Posts Tagged ‘Warren Buffet


You are not Buffet

What’s interesting around the interwebz and personal finance blüg-o-sphere are the individuals who think they can beat the market.  While not impossible to do so, we can’t help but ask ourselves, is this from luck? or is this because of skill?

Many point to the “Oracle of Omaha” as the poster child of being able to analyze a company, pick the winners and reap the benefits with your feet kicked up as the cabana girl/pool boy bring you fruity drinks with those little umbrellas.  But another question we would like to delve into is, “Is how Warren Buffet invests the same way we invest?”

We (the working stiffs of the world) are retail investors.  We pay a premium to invest.  And when we do invest, we are given the scraps and leftovers that those higher in the pecking order have left us.  No one calls us about investing in oil wells in North Dakota, no one calls us with great business deals needing capital without the opportunities first being picked over.

When we buy a security, we don’t get invited to the board meetings.  We don’t get a say in what the company does, when it does something or how it does something.  We pay a premium for the privilege of investing in a company and we are asked to stand on the street with all the other working stiffs.

When debt becomes due, we may be the first to line up to get paid.  But we are quickly shuffled to the back of the line.

When Warren Buffet invests in a company, he is usually issued preferred shares of a company, often times reaping unheard of dividends.  He is invited to the board meetings and very much has a say in how business is conducted.  This contrasts from how we working stiffs get to invest.  So, on that level, it’s not fair to think Warren Buffet is the poster child of all retail investors.

This is not to say where Buffet is today wasn’t from the bottom and without hard work.  He certainly wasn’t fed with a silver spoon and truly started by delivering newspapers.  And maybe that is why so many people aspire to be like him, where he came from is the same as the majority of us and we desire to be known as an Oracle.  And surely, someone will eventually rise to his level if they haven’t already.  And some will pick some winners and profit handsomely.  But, we shouldn’t be fooled into thinking we can follow in their footsteps.  More than likely, a stock picker’s success is in luck, although they may think it is skill.  And if it truly is skill, why would you tell everyone about it, as that will most likely ruin your success?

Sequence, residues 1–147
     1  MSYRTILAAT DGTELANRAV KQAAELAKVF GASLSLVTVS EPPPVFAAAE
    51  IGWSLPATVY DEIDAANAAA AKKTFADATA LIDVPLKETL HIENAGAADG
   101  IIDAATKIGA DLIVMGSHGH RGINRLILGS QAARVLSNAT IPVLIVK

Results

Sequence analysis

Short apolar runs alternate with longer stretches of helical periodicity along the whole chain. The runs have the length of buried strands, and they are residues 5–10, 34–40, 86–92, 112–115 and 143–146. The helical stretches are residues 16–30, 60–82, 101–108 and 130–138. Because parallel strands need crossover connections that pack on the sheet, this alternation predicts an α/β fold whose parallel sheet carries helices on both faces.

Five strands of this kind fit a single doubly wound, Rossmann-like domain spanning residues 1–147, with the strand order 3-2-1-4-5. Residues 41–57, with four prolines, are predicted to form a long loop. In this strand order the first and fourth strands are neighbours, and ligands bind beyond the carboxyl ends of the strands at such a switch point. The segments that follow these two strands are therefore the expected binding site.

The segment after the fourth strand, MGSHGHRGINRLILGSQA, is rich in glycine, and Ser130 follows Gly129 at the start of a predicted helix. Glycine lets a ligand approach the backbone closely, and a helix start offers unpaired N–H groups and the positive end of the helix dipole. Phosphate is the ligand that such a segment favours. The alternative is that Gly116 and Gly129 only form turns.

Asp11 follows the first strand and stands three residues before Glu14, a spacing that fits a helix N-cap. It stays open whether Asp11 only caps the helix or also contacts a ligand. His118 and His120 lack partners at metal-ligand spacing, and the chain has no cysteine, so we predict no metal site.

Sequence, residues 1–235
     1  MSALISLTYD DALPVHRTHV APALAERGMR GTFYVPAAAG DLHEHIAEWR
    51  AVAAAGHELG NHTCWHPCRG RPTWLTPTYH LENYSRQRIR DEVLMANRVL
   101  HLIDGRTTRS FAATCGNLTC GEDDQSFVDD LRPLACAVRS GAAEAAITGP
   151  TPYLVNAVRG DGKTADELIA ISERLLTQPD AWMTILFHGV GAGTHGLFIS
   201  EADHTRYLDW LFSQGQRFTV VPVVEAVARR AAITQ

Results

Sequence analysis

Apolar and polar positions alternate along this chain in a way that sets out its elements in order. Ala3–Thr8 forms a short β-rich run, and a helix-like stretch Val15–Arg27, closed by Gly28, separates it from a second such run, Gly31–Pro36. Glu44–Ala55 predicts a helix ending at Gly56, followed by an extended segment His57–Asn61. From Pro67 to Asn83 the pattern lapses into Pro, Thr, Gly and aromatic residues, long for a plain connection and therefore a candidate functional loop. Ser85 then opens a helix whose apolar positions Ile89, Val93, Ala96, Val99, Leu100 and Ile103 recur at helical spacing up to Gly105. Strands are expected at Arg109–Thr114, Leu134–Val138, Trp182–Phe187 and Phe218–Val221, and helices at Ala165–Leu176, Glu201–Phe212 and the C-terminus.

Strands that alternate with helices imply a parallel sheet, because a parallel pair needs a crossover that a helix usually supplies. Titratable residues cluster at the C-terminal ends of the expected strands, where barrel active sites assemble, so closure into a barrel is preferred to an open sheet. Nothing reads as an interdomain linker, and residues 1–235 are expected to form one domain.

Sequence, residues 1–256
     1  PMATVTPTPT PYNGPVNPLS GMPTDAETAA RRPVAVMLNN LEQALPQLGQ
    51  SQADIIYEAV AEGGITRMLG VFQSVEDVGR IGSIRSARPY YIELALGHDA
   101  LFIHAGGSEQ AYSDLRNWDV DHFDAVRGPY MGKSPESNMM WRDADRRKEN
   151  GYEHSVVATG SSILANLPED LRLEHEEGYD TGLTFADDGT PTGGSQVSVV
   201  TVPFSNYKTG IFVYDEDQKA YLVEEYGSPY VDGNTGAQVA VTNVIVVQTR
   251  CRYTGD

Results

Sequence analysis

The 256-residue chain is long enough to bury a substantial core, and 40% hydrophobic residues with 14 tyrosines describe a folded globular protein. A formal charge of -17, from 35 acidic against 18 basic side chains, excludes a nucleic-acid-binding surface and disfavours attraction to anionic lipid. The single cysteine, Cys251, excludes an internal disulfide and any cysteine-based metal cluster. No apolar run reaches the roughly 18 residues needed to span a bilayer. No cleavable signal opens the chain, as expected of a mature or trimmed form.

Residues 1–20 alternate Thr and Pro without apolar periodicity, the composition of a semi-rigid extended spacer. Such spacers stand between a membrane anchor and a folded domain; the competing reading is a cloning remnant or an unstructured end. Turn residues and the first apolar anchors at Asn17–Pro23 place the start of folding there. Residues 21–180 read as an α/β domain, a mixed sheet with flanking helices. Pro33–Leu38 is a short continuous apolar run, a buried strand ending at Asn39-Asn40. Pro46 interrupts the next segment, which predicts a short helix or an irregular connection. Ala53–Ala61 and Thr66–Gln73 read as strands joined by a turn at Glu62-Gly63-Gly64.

In conclusion, we’ll leave you with Warren Buffet’s own advice to the working stiff, retail investor like ourselves.  In Berkshire Hathaway’s 1996 annual report, the following was said in the Chairman’s Letter:

Most investors, both institutional and individual, will find that the best way to own common stocks is through an index fund that charges minimal fees. Those following this path are sure to beat the net results (after fees and expenses) delivered by the great majority of investment professionals.